According to researchers at University College London, getting less than five hours of sleep in middle-aged or elderly people is associated with an increased risk of developing at least two chronic diseases.
The research, published in PLOS Medicine, analyzed the impact of sleep duration on the health of more than 7,000 men and women at the ages of 50, 60 and 70.
People who reported getting five hours of sleep or less at age 50 were 20% more likely to have been diagnosed with a chronic disease and 40% more likely to be diagnosed with two or more chronic diseases over 25 years, compared to people who slept for up to seven hours.
Researchers also found that sleep duration of five hours or less at age 50 was associated with 25% increased risk of mortality over the 25 years of follow-up.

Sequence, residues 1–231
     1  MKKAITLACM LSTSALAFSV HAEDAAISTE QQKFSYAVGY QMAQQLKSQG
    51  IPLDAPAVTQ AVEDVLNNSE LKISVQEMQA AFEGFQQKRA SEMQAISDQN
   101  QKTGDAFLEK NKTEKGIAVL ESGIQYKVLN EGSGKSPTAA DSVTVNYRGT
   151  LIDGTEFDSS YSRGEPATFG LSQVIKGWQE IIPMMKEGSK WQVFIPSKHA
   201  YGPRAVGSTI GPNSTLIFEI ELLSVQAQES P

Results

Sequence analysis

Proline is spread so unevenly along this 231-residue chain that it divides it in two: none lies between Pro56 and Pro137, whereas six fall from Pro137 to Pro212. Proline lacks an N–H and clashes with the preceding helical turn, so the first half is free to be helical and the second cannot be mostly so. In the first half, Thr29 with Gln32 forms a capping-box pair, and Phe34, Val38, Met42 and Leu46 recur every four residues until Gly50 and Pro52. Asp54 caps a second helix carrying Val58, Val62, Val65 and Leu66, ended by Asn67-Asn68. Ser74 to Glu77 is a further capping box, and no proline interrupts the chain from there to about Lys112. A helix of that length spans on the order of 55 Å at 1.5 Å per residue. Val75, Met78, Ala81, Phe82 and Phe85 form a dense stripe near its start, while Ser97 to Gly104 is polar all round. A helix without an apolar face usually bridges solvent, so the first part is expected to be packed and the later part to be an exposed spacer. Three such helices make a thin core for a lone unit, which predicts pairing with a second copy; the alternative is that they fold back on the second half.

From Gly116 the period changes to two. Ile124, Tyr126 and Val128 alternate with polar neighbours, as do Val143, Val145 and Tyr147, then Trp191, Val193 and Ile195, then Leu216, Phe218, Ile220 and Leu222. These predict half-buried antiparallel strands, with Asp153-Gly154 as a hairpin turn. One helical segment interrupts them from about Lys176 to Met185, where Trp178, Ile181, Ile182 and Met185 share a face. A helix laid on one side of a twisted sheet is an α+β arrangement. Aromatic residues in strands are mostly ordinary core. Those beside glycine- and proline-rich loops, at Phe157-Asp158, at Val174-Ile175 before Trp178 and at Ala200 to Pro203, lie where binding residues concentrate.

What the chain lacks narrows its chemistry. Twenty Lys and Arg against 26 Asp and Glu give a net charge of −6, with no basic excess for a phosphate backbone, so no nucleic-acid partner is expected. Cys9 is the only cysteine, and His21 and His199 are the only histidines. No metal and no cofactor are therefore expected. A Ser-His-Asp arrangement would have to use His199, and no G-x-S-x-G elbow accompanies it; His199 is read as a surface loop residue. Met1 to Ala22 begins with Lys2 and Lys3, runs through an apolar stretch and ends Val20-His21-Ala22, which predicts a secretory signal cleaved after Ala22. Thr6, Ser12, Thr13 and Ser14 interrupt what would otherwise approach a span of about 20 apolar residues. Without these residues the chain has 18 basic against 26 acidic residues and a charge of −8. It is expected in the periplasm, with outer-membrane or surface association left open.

Lead author, Dr Severine Sabia (UCL Institute of Epidemiology & Health, and Inserm, Université Paris Cité) said: “Multimorbidity is on the rise in high income countries and more than half of older adults now have at least two chronic diseases. This is proving to be a major challenge for public health, as multimorbidity is associated with high healthcare service use, hospitalizations and disability.
“As people get older, their sleep habits and sleep structure change. However, it is recommended to sleep for 7 to 8 hours a night. To ensure a better night’s sleep, it is important to promote good sleep hygiene, such as making sure the bedroom is quiet, dark and a comfortable temperature before sleeping. It’s also advised to remove electronic devices and avoid large meals before bedtime. Physical activity and exposure to light during the day might also promote good sleep.”
As part of the study, researchers also assessed whether sleeping for a long duration, of nine hours or more, affected health outcomes. There was no clear association between long sleep durations at age 50 and multimorbidity in healthy people.
Source: University College London
University College London. “Less than five hours’ sleep a night linked to higher risk of multiple diseases.” ScienceDaily. ScienceDaily, 19 October 2022. www.sciencedaily.com/releases/2022/10/221018220538.htm>.